Moss water features


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I ran across this picture on the net. I had not thought of moss and a water feature being combined. I had been thinking of updating our front birdbath area. I would think the oxygenated water in this picture would be a component of success versus stagnant water. Is there a name for this type of incorporated design besides a pond?? The pic is actually a waterfall, something I would not really find feasible to leave on constantly. I am in an idea phase so just looking for front yard water hole ideas right now.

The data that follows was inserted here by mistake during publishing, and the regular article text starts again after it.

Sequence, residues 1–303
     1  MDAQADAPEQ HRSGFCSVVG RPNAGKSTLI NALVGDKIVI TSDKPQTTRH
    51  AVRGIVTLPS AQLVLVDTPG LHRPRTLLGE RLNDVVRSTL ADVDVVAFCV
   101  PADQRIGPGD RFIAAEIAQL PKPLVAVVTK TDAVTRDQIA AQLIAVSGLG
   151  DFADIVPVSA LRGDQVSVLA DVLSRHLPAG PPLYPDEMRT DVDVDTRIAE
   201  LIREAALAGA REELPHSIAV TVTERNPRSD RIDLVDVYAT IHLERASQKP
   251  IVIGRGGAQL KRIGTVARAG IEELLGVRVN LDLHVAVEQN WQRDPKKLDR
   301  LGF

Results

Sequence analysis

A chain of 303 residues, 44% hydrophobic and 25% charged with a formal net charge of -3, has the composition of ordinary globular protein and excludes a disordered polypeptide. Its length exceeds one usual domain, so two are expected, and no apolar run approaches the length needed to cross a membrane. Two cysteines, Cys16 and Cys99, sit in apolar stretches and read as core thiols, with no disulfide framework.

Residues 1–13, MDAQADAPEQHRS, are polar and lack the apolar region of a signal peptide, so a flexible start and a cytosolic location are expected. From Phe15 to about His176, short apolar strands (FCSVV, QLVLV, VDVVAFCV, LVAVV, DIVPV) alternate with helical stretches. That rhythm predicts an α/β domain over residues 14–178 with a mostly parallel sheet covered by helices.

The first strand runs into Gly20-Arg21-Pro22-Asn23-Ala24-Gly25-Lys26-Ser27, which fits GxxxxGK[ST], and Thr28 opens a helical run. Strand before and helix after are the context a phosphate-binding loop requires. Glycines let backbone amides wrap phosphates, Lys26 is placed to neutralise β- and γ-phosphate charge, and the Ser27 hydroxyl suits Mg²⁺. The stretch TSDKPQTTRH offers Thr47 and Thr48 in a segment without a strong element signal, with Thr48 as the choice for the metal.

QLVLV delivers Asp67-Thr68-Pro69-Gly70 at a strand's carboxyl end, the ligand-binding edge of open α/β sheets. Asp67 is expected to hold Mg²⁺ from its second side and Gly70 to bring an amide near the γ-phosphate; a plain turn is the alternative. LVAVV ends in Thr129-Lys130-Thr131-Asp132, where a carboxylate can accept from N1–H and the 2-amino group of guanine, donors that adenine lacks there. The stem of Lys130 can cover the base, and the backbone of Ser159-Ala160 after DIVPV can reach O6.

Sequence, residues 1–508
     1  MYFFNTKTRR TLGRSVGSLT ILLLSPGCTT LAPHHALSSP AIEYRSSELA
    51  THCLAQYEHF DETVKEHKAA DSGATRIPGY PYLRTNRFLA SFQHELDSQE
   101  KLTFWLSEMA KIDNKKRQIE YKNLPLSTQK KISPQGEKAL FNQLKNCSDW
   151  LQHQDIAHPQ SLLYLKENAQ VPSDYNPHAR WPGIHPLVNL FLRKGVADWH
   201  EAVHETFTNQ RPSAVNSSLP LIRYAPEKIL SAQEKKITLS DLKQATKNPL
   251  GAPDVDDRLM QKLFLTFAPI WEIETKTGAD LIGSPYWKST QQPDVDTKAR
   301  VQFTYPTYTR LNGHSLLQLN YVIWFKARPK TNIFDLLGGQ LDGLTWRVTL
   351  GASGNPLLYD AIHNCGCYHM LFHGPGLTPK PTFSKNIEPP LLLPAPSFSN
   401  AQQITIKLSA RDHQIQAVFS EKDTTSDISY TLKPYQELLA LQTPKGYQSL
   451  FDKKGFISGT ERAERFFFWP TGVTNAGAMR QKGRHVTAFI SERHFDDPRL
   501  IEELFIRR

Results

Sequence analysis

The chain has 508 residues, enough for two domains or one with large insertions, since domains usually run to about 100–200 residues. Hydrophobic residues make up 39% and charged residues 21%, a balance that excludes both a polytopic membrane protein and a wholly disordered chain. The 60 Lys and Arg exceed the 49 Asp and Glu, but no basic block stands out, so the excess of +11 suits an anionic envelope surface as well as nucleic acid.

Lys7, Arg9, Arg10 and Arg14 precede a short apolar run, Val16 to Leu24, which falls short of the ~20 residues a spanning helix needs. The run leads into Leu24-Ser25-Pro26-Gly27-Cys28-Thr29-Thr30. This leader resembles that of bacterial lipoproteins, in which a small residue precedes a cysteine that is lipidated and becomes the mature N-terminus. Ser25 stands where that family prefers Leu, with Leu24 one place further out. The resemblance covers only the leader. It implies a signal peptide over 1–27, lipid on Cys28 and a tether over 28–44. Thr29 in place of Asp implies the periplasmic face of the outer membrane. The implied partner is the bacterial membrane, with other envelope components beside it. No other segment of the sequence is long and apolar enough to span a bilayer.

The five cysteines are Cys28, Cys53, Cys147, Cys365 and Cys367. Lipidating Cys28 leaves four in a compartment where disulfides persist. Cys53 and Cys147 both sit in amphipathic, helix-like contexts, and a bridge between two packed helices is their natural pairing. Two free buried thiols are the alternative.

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MaryMary

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I'm confused. You want to keep it as a birdbath, but incorporate other things? Or you are starting with a birdbath, and want something different?

What about a solar powered fountain kit? Looky here:
 
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Yes. It needs to stay something of a wet area but now is just a birdbath with ferns and plants inside a random bricked circular planter.
 
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I have to sell this to Becky. I am gonna have to do some homework. We have literally tons of firewood and more coming. Two large trees in the front
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of the house are failing and will come down within the year. I thought about a stump garden, or something to utilize that material so I do not have to move it too far. Perhaps she will find me thrifty?